Manatees Love Folly Beach, Too! Say Hello to a Different Kind of Tourist Season
With Charleston being crowned the best city in the world recently by Travel + Leisure (and Folly getting a shout-out for being a big part of the Holy City’s appeal), an influx of visitors eager to tour our beautiful beach town is to be expected — it was only a matter of time.
But one new traveler to our coast is taking residents by surprise: a manatee!
“I was at Morris Island with my daughters and their friend,” James Island’s Sonya Capps said of the unexpected encounter on Sunday afternoon. “The girls were walking around, and I was standing on the shore watching the dolphins. We saw at least nine different dolphins that day and, fascinated by them, I started recording them. As I was making a video of the dolphins, something appeared in the water.”
At first, Capps explained, she didn’t know what to make of the cloudy shape — “I just knew it was big.”
As she continued to peer out toward the Morris Island Lighthouse, though, it became readily apparent that the slow-moving creature just off Folly’s shore was a manatee. Capps got further confirmation when another beachgoer said he’d had a similar experience while swimming earlier in the day.
But what was the gentle giant doing so far up the Eastern seaboard? In a word, migrating.
Manatees are an endemic species in Florida but, beginning when the water temperatures along the South Carolina coast rise into the upper 60s, these peaceful mammals migrate into our native waters. Here, they cruise through our tidal rivers, estuaries and, yes, even deeper channels like the Harbor throughout the summer months.
When cooler weather starts to temper our warm summer waters, the manatees sojourn back to Florida. This typically takes place between September and October.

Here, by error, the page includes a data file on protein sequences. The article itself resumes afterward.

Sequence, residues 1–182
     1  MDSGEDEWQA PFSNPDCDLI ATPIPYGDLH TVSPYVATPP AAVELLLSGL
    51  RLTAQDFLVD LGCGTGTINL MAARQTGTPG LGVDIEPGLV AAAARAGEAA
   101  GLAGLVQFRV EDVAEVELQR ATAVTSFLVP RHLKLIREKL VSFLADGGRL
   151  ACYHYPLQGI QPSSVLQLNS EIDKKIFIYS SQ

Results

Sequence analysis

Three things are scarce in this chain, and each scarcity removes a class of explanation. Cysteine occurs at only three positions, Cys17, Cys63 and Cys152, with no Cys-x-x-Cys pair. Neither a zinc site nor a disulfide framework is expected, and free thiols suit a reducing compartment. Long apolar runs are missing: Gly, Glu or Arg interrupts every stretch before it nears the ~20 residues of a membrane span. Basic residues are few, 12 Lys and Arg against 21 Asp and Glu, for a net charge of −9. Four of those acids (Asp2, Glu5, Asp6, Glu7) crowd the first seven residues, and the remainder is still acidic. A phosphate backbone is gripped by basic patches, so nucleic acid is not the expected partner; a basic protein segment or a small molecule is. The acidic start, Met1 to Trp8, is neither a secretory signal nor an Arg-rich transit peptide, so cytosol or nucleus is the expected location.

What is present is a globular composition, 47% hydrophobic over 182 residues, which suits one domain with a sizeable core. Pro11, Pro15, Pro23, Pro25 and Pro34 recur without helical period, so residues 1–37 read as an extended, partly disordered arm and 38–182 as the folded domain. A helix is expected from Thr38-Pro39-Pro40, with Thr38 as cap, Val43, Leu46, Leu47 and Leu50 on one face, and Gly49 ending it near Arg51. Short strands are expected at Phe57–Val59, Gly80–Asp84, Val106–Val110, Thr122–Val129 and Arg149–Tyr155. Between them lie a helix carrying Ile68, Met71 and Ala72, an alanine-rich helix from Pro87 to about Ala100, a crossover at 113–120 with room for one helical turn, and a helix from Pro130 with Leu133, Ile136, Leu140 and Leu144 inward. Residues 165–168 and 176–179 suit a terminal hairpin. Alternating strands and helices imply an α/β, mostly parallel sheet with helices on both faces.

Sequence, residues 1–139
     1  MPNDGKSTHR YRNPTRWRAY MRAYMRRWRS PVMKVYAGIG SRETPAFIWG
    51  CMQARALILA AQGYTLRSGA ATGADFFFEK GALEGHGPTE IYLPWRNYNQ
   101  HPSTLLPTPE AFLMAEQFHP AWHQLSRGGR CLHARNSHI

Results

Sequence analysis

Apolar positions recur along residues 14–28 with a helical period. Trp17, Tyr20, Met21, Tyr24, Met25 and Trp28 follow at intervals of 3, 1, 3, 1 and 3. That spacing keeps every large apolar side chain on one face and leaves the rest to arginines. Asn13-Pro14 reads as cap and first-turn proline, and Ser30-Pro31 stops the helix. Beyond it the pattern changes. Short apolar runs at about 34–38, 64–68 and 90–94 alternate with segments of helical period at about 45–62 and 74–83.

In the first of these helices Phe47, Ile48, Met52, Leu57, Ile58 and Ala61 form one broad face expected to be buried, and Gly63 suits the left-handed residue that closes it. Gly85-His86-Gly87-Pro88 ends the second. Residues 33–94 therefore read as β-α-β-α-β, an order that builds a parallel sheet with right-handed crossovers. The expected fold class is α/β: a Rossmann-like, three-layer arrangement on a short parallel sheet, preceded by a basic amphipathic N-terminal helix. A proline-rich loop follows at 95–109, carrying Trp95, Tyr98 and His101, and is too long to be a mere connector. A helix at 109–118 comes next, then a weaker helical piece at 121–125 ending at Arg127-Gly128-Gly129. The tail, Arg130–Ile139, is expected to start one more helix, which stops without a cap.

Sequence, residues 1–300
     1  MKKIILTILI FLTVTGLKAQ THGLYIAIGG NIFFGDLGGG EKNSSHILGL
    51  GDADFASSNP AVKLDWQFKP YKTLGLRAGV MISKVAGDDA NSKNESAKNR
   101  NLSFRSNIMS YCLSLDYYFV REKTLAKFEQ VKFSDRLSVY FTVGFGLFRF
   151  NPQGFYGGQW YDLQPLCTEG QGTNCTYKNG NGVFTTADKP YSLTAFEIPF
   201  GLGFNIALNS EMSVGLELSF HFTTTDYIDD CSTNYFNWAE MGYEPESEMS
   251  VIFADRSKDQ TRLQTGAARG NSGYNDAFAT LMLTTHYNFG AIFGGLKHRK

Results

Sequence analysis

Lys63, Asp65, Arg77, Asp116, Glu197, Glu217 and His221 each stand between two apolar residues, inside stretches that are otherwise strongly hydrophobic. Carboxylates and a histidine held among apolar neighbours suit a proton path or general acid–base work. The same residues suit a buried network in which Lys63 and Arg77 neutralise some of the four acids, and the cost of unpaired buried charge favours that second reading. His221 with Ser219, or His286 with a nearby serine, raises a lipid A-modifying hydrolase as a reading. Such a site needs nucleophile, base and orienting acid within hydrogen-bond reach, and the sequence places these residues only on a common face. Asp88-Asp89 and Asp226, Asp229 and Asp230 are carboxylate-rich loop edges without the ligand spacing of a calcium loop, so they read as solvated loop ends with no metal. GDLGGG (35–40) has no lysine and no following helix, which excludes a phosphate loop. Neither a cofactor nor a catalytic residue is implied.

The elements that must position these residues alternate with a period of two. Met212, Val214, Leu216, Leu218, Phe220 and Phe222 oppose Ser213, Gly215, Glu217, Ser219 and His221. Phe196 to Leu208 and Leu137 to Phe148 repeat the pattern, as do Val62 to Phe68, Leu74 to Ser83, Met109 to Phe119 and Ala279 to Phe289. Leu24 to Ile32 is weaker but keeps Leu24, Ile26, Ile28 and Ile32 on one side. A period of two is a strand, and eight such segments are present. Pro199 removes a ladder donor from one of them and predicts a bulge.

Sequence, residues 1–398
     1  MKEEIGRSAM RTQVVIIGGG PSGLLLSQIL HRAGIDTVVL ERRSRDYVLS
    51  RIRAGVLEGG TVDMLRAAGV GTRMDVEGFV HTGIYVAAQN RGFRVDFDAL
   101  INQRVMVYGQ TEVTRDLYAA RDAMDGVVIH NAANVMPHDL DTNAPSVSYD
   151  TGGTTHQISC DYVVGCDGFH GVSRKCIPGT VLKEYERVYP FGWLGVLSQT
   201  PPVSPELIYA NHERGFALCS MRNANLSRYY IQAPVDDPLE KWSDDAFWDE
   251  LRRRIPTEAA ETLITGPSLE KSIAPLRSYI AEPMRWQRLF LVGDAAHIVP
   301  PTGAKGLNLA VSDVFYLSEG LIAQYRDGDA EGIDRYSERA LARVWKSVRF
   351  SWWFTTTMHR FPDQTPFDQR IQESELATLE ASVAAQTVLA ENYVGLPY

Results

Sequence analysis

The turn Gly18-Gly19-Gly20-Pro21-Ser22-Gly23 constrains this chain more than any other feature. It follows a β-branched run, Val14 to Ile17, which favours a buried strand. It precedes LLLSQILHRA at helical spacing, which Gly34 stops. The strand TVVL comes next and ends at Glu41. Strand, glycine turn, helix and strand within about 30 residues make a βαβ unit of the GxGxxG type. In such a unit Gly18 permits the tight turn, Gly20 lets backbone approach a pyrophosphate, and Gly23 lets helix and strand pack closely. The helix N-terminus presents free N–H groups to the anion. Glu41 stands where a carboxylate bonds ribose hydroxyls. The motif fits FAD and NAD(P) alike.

Occasionally, a reticent manatee takes a bit too long saying goodbye to the South Carolina coast (who can blame them?) and falls victim to cold stress. Such was the case in December of 2015, when the SeaWorld Orlando Rescue team — with a little help from the U.S. Fish and Wildlife Service, the National Oceanic and Atmospheric Administration’s National Ocean Service, and the South Carolina Department of Natural Resources — rescued and rehabilitated a 1,300 lb male manatee trapped in the upper reaches of the Cooper River.
Stories like that of Goose, the nickname given to the rescued manatee, highlight the importance of alerting the South Carolina Department of Natural Resources to any sightings.
Tagged with a radio transmitter during his rehabilitation, Goose returned to the South Carolina coast this June. By reporting manatee sightings, the public can help track the movements and migratory patterns of these beloved creatures which, in turn, helps keep them safe.
According to Capps, reporting a manatee sighting is pretty straightforward. “It was a very easy online process. They sent me an email. The person I need to talk to is out of the office today, but will be back tomorrow to talk to me about it,” she said.
In a blog post last month, the South Carolina Department of Natural Resources outlined the process Capps is currently going through, urging locals to keep an eye out for these docile sea-dwellers.
Among the advice? Do not attempt to approach manatees in a boat, as there is the inherent risk of injuring them with the propellers. In general, it’s best to admire manatees from a distance.
“Feeding and water manatees is illegal and encourages the mammals to spend time at docks and marinas,” explained DNR veterinarian Al Segars, “making them more susceptible to boat strikes, which is one of the main causes of mortality for manatees.”
If you do find yourself in close proximity to one of these “sea cows,” count yourself lucky — Capps sure does. “It was a very exciting thing to see,” she shared. “I love the ocean and all the wonders it holds!”
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